There is immense privilege inherited by members of a majority group that is often not available to others. The majority identification may come from racial differences or something as minor as the demarcation between member and visitor in a church but regardless, it is there to be mitigated or removed by the Gracist. David Anderson continues his examination of 1 Corinthians 12 as it applies to the Gracist, “our presentable parts need no special treatment.” The Gracist put this into practice by saying ‘I refuse to accept any favors or perks that may hurt you.’
This is an especially grace-filled notion because the perks, in and of themselves, pose no threat to others who do not receive them. Accepting them however, puts a gap between me and the person who has no access to them. Anderson gives an example that is immediately recognizable. In gatherings at the church or in member home, some are always invited to be the first to partake of the buffet. If I, as the pastor, were to jump to the front of the line and enjoy this little perk it means that the food may in shorter supply or a bit messy by the time the last person takes a plate. Something as simple as putting that person first spreads grace that can then extend to other areas of life.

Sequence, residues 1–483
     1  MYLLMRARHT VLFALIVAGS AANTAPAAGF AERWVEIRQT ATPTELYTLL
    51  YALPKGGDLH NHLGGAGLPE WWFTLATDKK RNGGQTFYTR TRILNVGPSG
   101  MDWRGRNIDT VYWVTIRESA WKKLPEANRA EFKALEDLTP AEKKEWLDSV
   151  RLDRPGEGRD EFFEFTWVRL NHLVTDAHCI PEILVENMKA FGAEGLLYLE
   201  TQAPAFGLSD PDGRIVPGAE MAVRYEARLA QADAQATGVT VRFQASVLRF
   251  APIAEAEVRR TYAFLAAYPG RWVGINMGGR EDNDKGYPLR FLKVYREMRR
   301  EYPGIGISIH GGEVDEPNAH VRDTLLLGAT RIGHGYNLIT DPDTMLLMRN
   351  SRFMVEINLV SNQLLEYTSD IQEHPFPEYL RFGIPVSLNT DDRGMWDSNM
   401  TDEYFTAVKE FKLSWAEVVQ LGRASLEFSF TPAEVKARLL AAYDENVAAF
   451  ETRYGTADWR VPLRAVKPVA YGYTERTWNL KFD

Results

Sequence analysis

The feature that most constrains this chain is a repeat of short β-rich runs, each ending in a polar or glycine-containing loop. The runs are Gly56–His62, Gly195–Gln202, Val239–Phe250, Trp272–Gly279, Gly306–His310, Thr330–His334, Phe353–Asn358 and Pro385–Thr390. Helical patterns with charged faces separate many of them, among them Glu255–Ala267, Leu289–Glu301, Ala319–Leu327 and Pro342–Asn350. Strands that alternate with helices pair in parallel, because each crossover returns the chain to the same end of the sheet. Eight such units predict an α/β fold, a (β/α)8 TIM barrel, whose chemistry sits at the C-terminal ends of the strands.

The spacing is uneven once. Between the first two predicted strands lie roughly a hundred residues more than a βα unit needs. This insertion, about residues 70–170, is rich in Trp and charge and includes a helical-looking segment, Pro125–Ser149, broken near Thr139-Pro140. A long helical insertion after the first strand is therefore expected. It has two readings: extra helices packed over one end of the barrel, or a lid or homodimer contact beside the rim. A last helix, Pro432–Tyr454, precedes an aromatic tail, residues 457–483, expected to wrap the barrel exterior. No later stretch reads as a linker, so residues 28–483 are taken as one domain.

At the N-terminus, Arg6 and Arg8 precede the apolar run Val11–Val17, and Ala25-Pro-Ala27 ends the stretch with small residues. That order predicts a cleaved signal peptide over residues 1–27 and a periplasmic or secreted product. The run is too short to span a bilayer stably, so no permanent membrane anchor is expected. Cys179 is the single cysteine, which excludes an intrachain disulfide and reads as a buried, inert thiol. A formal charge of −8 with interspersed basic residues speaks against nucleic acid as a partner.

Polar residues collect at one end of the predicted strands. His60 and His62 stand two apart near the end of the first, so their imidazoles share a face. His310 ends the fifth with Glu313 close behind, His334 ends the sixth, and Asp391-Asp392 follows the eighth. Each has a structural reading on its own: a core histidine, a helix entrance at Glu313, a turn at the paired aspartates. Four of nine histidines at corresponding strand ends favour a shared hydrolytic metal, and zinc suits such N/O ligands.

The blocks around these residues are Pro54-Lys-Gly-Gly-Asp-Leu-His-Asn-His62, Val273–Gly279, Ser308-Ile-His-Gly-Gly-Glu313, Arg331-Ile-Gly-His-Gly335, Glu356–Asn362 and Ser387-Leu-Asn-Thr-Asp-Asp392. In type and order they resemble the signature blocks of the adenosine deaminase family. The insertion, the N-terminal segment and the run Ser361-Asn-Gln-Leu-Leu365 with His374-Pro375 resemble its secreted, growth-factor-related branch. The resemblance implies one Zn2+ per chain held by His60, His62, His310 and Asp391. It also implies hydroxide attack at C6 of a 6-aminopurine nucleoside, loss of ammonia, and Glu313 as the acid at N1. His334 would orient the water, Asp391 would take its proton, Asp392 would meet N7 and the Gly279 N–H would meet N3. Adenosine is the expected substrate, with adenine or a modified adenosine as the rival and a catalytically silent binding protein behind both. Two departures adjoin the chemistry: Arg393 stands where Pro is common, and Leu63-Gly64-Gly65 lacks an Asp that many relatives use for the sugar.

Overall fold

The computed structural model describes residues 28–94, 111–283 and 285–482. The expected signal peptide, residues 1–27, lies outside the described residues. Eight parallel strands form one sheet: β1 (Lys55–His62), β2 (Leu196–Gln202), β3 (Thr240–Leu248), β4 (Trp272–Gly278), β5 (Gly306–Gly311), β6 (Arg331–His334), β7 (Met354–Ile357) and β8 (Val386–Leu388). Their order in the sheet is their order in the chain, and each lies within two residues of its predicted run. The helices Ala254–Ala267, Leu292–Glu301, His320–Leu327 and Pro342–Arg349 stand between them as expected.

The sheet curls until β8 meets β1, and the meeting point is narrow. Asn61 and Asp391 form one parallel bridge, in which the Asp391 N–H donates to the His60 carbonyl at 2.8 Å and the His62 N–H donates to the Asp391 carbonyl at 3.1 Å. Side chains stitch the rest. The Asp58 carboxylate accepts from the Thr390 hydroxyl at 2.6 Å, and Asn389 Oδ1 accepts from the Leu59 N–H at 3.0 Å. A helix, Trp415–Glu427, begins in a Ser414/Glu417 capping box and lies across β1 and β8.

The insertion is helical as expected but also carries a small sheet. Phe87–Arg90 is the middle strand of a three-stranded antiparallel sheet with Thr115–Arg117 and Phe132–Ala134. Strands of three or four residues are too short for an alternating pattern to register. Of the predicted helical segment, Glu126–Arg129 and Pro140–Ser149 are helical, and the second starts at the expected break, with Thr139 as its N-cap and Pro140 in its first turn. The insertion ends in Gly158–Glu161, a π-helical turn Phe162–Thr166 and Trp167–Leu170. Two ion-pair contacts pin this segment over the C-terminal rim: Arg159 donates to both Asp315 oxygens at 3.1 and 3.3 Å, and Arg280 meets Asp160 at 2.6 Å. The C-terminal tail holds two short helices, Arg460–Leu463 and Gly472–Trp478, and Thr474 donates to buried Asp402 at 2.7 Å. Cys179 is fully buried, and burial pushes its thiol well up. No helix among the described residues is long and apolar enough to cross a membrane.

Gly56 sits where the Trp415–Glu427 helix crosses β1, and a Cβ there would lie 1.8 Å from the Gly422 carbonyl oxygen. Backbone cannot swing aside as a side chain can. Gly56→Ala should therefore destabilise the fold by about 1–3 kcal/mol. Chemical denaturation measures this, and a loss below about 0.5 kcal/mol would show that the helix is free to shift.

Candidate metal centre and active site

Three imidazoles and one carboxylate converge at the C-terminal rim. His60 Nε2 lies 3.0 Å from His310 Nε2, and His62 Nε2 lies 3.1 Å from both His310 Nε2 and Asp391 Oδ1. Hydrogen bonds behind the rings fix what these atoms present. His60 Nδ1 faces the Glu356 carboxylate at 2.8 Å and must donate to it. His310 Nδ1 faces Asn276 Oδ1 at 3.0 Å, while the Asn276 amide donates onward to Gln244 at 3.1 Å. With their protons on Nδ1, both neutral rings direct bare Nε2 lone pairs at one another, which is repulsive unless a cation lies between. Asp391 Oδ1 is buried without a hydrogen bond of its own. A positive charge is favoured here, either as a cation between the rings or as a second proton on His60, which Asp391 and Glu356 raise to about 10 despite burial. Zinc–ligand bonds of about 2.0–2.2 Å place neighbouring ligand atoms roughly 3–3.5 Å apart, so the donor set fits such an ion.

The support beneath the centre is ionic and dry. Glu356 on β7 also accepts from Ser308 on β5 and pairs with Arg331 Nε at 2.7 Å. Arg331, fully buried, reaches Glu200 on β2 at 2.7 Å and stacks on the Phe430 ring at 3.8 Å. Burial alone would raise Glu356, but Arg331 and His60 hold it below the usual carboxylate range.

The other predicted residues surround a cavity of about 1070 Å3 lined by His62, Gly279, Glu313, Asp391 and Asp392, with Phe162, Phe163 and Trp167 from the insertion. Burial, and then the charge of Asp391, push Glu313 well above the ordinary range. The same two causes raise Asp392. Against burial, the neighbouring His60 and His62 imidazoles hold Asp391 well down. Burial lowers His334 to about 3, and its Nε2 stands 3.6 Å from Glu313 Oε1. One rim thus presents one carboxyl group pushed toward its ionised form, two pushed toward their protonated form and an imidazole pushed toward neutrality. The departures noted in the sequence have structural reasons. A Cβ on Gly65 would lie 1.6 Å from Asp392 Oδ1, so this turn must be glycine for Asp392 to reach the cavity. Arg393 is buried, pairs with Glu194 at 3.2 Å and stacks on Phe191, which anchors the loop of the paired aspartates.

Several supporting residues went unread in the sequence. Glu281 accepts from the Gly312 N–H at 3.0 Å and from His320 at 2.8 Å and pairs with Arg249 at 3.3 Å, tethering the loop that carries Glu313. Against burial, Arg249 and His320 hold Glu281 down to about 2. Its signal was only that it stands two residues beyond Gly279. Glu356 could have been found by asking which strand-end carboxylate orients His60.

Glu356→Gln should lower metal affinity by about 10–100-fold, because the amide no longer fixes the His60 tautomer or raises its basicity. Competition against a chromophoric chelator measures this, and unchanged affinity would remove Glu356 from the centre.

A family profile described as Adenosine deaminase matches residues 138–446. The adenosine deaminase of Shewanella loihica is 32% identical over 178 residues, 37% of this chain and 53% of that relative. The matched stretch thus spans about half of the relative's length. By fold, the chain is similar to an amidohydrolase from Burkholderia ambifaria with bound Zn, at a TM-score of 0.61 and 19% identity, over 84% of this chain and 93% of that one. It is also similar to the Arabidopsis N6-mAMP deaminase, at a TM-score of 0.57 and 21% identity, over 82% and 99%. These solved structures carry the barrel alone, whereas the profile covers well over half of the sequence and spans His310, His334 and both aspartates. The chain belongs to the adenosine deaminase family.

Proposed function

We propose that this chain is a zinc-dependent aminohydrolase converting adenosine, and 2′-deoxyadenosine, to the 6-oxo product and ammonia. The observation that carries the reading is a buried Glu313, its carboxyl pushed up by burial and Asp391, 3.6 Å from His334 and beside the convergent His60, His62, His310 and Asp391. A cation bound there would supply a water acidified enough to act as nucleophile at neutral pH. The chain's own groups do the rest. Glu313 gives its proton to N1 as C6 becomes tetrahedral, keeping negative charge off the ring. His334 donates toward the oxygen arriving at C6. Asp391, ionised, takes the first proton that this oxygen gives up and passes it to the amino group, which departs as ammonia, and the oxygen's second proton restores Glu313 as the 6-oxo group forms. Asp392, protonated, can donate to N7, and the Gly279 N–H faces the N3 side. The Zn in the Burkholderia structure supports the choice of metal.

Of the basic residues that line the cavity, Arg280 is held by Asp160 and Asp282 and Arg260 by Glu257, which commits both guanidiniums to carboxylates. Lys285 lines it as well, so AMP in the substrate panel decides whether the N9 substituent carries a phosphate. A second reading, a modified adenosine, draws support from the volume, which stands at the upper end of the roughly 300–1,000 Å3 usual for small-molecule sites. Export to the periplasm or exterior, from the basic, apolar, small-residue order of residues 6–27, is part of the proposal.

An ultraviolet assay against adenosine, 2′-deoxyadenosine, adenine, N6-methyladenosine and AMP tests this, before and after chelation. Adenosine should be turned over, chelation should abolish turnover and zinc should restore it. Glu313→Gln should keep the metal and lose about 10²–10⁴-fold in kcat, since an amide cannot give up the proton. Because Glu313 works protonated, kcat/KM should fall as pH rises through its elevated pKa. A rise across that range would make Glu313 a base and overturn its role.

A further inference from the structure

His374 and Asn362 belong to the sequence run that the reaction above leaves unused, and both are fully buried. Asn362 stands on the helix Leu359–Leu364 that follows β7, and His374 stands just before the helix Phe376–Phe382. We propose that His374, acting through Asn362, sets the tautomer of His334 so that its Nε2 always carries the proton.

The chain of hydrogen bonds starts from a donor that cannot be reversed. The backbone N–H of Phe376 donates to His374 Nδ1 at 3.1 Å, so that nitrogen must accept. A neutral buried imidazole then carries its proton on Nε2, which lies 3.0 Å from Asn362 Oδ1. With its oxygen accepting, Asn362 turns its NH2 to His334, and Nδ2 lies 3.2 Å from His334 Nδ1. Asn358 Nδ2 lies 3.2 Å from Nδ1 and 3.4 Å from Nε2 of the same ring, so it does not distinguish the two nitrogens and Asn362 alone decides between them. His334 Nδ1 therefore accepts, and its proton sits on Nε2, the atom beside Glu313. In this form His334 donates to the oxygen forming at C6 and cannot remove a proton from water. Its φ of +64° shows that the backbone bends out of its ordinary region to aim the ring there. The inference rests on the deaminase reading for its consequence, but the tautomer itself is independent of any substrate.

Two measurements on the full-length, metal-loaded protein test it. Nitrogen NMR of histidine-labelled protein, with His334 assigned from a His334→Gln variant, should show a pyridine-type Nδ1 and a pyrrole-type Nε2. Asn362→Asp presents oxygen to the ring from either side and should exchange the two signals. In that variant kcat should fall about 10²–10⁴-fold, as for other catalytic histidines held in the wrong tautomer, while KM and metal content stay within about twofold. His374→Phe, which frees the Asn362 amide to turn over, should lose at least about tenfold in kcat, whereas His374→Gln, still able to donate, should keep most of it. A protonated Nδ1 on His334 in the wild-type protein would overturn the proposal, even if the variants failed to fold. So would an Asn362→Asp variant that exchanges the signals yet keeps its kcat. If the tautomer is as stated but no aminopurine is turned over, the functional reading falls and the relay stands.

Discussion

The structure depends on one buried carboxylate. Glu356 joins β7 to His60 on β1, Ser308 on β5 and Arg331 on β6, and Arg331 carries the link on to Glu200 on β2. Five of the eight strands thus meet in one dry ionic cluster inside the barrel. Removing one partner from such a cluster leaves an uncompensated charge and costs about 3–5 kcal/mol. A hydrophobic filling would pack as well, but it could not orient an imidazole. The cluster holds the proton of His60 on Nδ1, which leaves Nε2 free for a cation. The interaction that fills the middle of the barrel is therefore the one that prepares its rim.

This applies in countless areas where gaps based on race or gender or socio-economic status exist. I can not only refuse to partake of a perk but I can find a way for someone who has no access to that benefit or privilege to gain access. Being a Gracist is not hard and on this fine weekend morning, it is a good time to find a way to bring life to Paul’s teaching.